CPB not split, but slate plans unclear

Submitted by martin on 20 October, 2009 - 6:25 Author: Gerry Bates

The internet rumours (reported in Solidarity 3/160) that the Communist Party of Britain (Morning Star) had split were untrue.

The rumour now is that the CPB has u-turned again, and is back in on the "son of No2EU" project for an election slate. The split was said to be over whether or not to take part in that slate.

The CPB executive did vote to withdraw from the discussions on a slate which have been going on since the June euro-elections among the groups which took part in the No2EU slate then - the CPB, the RMT rail union leadership, the Socialist Party, and the Alliance for Green Socialism.

The RMT has called an open conference on 7 November entitled "Crisis in Working-Class Political Representation". It had seemed likely that the possible new slate would be launched there. ("Launch" it would be, rather than discussion, since the conference is "non-binding and non-resolution-based", and only four hours are allowed for the whole event, with eight platform speakers).

However, at first sight the platform does not look like a launch rally. It includes two SP speakers; John Foster (of the CPB, and said to be one of the CPB leaders who won the first vote to withdraw from the "son of No2EU" talks); Labour MP Jeremy Corbyn, and Labour Representation Committee vice-chair Susan Press; and Dave Ward of the CWU and Matt Wrack of the FBU.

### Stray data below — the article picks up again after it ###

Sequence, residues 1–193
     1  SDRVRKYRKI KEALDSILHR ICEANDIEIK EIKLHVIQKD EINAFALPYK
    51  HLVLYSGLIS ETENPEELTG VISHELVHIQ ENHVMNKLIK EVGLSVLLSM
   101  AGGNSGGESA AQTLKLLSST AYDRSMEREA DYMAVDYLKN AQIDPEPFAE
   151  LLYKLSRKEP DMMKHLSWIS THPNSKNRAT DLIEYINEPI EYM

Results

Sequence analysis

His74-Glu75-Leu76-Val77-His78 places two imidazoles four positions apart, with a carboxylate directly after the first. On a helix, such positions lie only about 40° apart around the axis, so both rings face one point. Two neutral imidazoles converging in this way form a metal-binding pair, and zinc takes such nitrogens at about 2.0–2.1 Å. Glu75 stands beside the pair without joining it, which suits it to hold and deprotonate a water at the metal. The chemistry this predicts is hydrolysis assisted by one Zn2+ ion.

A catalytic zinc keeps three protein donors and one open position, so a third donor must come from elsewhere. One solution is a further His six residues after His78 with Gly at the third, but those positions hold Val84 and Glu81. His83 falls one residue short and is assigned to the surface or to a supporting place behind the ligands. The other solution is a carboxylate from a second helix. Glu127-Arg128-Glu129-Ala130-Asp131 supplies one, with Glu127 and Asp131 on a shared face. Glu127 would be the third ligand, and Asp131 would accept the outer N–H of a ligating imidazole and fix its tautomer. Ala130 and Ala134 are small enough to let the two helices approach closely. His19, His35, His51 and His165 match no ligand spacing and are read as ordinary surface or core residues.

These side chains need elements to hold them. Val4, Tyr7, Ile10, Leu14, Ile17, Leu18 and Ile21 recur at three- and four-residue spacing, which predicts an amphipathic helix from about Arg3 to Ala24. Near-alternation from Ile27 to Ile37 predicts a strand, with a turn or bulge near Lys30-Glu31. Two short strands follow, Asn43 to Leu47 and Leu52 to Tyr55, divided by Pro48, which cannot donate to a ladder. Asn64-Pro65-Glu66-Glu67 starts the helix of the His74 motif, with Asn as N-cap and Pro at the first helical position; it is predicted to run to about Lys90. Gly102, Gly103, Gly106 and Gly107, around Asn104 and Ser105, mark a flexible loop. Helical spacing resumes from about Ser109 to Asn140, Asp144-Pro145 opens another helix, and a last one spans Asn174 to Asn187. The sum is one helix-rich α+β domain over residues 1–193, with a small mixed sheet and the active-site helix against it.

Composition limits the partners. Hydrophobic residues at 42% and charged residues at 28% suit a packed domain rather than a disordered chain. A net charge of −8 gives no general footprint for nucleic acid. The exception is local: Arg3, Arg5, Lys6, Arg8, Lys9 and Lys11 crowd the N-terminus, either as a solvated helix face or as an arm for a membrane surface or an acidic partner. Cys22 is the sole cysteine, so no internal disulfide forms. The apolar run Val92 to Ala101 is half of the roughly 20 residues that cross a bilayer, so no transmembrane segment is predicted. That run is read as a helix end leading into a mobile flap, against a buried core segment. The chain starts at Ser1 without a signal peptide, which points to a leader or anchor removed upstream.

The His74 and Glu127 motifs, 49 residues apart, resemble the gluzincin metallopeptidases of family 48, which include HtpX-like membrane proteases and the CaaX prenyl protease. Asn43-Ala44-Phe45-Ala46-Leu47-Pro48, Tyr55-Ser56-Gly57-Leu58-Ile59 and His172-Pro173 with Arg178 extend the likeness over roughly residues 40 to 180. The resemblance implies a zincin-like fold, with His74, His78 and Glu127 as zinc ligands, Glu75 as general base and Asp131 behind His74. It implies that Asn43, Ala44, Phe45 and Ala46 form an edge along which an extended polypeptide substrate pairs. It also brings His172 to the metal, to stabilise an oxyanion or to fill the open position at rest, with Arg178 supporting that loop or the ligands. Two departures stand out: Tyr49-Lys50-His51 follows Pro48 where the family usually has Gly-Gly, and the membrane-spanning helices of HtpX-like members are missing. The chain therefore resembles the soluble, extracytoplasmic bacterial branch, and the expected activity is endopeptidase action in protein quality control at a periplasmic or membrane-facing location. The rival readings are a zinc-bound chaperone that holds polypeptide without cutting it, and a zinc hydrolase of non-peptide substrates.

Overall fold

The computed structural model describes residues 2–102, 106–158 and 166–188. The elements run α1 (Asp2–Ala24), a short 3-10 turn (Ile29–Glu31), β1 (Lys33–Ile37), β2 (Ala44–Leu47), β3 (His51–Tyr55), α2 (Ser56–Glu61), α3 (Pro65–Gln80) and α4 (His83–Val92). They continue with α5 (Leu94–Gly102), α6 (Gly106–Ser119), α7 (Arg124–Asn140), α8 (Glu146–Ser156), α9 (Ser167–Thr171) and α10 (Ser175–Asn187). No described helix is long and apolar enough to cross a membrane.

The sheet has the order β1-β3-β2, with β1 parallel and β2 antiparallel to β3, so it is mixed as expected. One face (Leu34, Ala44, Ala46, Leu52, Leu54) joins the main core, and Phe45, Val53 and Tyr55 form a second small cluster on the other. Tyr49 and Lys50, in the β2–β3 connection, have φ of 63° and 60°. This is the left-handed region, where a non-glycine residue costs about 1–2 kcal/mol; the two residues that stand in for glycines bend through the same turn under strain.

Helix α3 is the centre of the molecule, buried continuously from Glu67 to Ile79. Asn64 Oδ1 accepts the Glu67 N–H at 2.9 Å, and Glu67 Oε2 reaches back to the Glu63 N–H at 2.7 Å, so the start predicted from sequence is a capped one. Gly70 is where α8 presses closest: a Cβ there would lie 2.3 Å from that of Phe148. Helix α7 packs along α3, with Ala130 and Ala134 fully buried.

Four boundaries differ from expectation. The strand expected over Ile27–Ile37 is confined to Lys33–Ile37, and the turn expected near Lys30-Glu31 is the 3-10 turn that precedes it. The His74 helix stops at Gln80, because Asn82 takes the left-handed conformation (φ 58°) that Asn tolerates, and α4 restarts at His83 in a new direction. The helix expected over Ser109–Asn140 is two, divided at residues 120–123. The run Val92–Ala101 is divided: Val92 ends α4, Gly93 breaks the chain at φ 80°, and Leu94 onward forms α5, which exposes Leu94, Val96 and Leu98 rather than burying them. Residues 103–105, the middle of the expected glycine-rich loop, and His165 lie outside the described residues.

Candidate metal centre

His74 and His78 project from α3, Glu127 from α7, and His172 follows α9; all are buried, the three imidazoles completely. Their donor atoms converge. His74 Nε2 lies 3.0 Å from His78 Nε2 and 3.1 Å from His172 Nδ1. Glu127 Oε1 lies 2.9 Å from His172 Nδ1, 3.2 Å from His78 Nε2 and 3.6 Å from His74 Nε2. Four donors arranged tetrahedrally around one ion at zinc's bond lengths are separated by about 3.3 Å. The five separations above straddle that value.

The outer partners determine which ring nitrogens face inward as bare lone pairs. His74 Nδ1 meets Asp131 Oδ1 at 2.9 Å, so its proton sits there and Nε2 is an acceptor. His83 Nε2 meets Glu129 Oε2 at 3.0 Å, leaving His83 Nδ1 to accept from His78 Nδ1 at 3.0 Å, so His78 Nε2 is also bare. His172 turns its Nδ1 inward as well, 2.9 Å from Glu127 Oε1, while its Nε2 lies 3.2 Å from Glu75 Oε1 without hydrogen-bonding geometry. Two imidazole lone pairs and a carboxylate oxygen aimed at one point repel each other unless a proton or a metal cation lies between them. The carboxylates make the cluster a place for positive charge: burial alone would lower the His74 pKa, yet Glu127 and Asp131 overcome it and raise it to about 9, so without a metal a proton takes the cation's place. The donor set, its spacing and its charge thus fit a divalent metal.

Respect (Galloway) and SWP have been signalling that they would like to get in on a "son of No2EU"-type slate, but neither has a platform speaker.

Another conference has been called for 21 November by the "People's Charter", an initiative of the CPB. The People's Charter website suggests two activities to people who back the Charter: sign it, and get others to sign it; and vote for MPs who endorse it. Its architects think of it as a partly-electoral project.

However, three Lib-Dems and two SNP MPs, as well as a maverick independent, Bob Spink, formerly Tory, then UKIP, have backed the Charter. It doesn't look good as a criterion of whether candidates can be considered as working-class political representatives.

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